SNN: Possible Crackdown on Overcrowded Student Apartments
SOMERVILLE, Mass. – Tufts University may soon have to provide the City of Somerville with a list of all students living in off-campus housing, some of whom may be breaking city law.
The recently proposed “University Accountability” ordinance, drafted by Alderman Bill White and based on a similar law in the City of Boston, is aimed at helping the city crack down on residences in the area with more than four unrelated persons living together in one housing unit, a violation of the city’s Zoning Ordinance.
“It really is a way, I think, to cut down on a practice that’s impacting a lot of folks, especially with Tufts students surrounding them where you have a lot of overcrowding, illegal rentals,” White explained during the August 28 Board of Alderman meeting where the board voted unanimously to send the proposed ordinance to the Legislative Committee.
Alderman-at-Large Mary Jo Rossetti was a co-sponsor of the bill.
“We’ve been talking about concerns of students for years, let’s be honest,” Rossetti said.
Ward 5 Mark Neidergang reminded the Board of the fire last year that killed a Boston University student and injured several others in an overcrowded student apartment.
Citing the high rents in Somerville, the alderman said “it could happen [at Tufts], with the kind of overcrowding that students will feel compelled to do if there’s not strict regulation.”
White added that overcrowding can also drive up property values.
“A lot of absentee landlords are buying property in the Tufts area for rental purposes. They’re paying a higher value for those because they figure if they can rent to five or six students on each floor; it’s going to be a cash machine for them,” he said.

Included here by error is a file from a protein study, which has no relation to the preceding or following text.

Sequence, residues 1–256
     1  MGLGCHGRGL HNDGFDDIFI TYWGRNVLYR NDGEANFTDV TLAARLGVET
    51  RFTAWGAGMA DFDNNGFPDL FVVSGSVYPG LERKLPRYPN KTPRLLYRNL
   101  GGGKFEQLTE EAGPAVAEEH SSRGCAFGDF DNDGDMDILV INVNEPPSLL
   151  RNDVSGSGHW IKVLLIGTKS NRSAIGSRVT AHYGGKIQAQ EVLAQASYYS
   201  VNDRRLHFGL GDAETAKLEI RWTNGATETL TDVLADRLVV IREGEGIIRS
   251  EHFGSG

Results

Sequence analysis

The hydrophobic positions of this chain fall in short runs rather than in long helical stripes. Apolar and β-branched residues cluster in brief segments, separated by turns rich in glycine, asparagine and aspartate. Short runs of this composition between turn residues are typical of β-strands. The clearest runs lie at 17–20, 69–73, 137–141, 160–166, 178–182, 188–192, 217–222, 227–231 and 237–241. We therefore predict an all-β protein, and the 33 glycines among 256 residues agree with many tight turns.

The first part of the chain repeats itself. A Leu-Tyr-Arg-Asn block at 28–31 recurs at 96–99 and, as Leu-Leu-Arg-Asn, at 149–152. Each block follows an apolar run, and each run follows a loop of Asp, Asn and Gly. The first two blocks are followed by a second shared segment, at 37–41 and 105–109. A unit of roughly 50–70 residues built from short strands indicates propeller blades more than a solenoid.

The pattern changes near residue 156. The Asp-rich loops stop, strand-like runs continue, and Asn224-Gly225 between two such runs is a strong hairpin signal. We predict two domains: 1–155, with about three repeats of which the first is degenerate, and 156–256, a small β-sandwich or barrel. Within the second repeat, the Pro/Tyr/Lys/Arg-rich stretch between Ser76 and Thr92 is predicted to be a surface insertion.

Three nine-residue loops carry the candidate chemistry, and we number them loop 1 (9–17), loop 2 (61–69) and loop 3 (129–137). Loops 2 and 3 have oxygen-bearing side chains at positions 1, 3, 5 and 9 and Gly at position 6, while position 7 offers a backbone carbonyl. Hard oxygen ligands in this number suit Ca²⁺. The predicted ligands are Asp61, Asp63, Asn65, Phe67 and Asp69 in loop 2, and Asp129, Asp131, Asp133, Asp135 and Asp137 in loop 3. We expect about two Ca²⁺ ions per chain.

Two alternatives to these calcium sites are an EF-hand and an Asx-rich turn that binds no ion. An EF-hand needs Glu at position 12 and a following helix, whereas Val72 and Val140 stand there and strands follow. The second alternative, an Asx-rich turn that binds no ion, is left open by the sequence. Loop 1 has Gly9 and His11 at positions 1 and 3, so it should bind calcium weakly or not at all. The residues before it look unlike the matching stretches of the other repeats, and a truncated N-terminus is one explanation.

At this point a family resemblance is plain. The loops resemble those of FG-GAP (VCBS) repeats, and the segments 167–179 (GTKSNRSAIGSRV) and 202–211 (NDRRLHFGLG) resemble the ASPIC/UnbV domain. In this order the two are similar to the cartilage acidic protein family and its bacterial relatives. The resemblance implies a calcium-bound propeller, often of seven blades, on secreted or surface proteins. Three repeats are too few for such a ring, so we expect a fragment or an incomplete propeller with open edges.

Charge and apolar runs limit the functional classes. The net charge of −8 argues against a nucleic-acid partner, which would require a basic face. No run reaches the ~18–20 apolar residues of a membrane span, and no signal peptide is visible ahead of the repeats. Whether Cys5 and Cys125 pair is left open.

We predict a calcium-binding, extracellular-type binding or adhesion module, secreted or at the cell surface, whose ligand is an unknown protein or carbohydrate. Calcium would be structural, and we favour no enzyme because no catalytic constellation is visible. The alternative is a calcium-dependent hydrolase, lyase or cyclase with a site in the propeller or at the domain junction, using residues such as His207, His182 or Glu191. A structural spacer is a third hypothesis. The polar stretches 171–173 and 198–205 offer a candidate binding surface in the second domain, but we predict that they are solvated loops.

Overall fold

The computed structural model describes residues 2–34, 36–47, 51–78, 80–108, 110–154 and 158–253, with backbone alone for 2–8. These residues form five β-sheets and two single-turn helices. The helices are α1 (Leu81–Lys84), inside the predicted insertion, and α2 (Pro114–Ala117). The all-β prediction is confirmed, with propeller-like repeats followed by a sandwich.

“They pay a higher amount and then that brings up the property values in the surrounding area, and then when folks get hit with their taxes the next year, their taxes have gone up,” he added.
Rossetti warned that there was a lot of pushback against the passing of the original ordinance in Boston, which could translate into resistance in Somerville.
None of a half-dozen Tufts students queried by Somerville Neighborhood News recently knew about the city ordinance stating that no more than four unrelated people could share an apartment. They also said they were unaware of the proposed ordinance, and had varied opinions about its potential passing.
“Rent is not the cheapest around here and for a lot of families or students who are on financial aid or who have special financial needs like myself, it can be a little hindering,” Melissa Hwang said.
In addition to the high rents, students brought up the lack of sufficient on-campus housing and the issue of student privacy.
“A lot of these off-campus places, although they might not be abiding by Massachusetts law, really help out students who aren’t able to get housing from the university, so I sense that there might be some pushback from students if that goes into place,” Adiel Pollydore noted.
According to the Boston Globe, about two-thirds of Tufts students live off-campus. Of 10,000 students tallied in 2012, 6,491 students were not in dorms, the newspaper reported recently.
Some students thought that for safety reasons, the ordinance was still a good idea.
“I think that’s good. It’s good to enforce the law and it helps to keep everybody safe and keeps things going good,” Jonathan Kuwada said.
The proposed ordinance does not state penalties for students or landlords who are violating housing code, nor does it state any penalties for educational institutions that do not do the required reporting.
It states that all universities and colleges will be required to send a report of students in violation of city zoning law to the Clerk of the City. The report will then be forwarded to the Mayor of the City and the Superintendent of the Office of Inspectional Services.